In Mississippi, history teachers are talking with their students about the so-called “confederate heritage month” proclamation from their governor.” See the article here. “The governor’s decision came after a request from the Sons of Confederate Veterans, according toThe Clarion Ledger. The group also does not want to change the state’s flag, which has a Confederate symbol, and the language of the declaration does not mention slavery once, only ‘mistakes’ in the same line ‘successes’ are mentioned. It reads: ‘Whereas it is important for all Americans to reflect upon our nation’s past, to gain insight from our mistakes and our successes, and to come to a full understanding that the lessons learned yesterday and today will carry us through tomorrow if we carefully and earnestly strive to understand and appreciate our heritage …’ When leaders of the state government endorse this incomplete reading of history, the role of history teachers and professors are especially vital, and educators are bent on ensuring that young people don’t leave their classes with the misconception that supporting Confederate imagery and heritage is harmless.” The article tells us, “Mississippi educators say that it is especially important to drive home the point that slavery was the main driver of the Civil War and that the Confederacy’s interest in states’ rights was inseparable from the economic interest of keeping slave labor.”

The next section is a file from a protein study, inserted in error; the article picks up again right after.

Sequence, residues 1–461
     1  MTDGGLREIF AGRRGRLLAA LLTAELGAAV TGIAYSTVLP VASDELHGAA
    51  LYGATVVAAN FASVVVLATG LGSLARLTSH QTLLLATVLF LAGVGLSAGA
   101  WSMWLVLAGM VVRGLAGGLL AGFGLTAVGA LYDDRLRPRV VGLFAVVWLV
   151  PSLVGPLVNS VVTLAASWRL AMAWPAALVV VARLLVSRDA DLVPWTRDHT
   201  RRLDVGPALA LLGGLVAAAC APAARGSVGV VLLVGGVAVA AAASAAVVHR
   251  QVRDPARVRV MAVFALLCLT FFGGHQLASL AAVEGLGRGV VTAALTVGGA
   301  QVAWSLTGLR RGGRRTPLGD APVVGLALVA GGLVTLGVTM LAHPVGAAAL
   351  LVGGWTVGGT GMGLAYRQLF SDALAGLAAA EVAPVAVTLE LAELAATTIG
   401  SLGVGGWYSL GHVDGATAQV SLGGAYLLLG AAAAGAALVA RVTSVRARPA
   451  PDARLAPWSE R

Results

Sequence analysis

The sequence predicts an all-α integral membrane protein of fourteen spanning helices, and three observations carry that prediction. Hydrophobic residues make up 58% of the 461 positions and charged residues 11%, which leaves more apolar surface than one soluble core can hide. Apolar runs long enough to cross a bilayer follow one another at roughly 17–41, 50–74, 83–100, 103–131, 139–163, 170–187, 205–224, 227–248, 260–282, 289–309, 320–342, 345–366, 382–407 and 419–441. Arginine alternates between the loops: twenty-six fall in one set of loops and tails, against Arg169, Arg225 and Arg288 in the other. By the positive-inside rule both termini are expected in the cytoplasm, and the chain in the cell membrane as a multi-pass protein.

There’s some additional pushback to the proclamation in Mississippi. See this article. Derrick Johnson, the state president of the Mississippi State Conference NAACP, suggests the governor proclaim a Union Heritage Month. “If we are to honor those who battled in the Civil War, let us honor all soldiers or, at least, those soldiers who fought for the nation and not against it. It is time for Gov. Bryant to give recognition to heroes other than those who look like him. It is time for Gov. Bryant to honor those brave white and black men and women of Mississippi who fought for what they believed in, who fought for their freedom, who fought for their country and the preservation of the Union, who made the ultimate sacrifice for this nation and the promise of equality it held. Gov. Bryant should proclaim the month of May Union Army Appreciation Month and finally give those brave soldiers the honor and acknowledgement they deserve.”
State Rep. Jarvis Dortch of Jackson, Mississippi issued a statement on the confederate heritage month proclamation. “In the Spring of 1861, The Vice-President of the rebelling southern states laid out the governing principles of the newly found Confederacy. In his Corner Stone speech, Alexander Stephens stated that ‘Our new government is founded upon exactly the opposite idea; its foundations are laid, its corner- stone rests, upon the great truth that the negro is not equal to the white man; that slavery subordination to the superior race is his natural and normal condition. This, our new government, is the first, in the history of the world, based upon this great physical, philosophical, and moral truth.’ The 4 years that followed were not, as Governor Phil Bryant put it in his proclamation, a ‘struggle.’ They were 4 years of total war, waged by the United States, to put down a rebellion. A rebellion that occurred because there were those in the South that would rather die and fight all out war before allowing black men, women and children the right to live freely and not in bondage. This is the history and heritage of the Confederacy. There is much to be learned and debated from this history but little that I find worthy of honor. It’s more than disappointing to have a Governor that finds it appropriate to use the authority of his office to celebrate the actions and symbols of the Confederacy.”